A photo taken on the road that accesses Mt. Whiteface, New York (Whiteface Veterans Memorial Highway) on Saturday May 25th where 24-34” of snow has apparently accumulated. Photo by 'Whiteface Crew'.

Binghamton and Syracuse in New York State both reported their latest snowfall on record although just trace amounts (previous latest snow May 17, 1973 in Syracuse and May 18, 1973 and 2002 in Binghamton). In south-central New York snow mixed with rain as low as 740’ at Branchport in Yates County. In general accumulating snow was confined to elevations above 1,500’ throughout the region.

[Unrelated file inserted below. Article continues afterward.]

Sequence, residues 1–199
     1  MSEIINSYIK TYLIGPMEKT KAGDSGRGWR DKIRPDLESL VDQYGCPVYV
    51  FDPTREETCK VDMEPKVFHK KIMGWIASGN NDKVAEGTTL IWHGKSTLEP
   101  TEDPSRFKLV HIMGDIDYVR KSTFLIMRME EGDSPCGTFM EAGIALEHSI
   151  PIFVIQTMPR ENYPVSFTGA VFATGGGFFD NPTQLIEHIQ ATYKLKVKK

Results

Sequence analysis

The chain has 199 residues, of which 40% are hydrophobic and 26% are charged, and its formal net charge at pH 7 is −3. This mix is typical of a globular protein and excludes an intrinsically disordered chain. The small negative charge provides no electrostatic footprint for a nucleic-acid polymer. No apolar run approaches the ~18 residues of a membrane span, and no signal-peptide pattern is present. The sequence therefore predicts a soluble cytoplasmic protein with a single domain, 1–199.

Mt Mansfield, Vermont enjoys an ‘extended’ ski season this Memorial Day weekend. The snow apparently accumulated an amazing 13.2” deep.

Saranac Lake, New York (elev. 1,545) reported some snow mixed with rain and, incredibly, a high temperature of just 40° (actually 39.9°) on Saturday, May 25th (and a low of 35.6°). The normal range of temperature for the day should be 40°-67°. Back in 2007 it was 86° (the record high) and in 1992 the daily record low of 23° was set. Nevertheless, I would suspect the day’s maximum of 40° was coldest such ever recorded at this location for so late in the year. The summit of Mt. Washington is also enjoying a pleasant opening to summer with a high of 29° on Saturday accompanied by freezing rain and snow.

An observatory employee on Mt. Washington hacks away at ice accumulations on the mountains 6,288’ summit this on Saturday, May 25th. Snow and ice is not that uncommon at this time of the year here. Photographer not identified.

Western Europe also seeing snow this weekend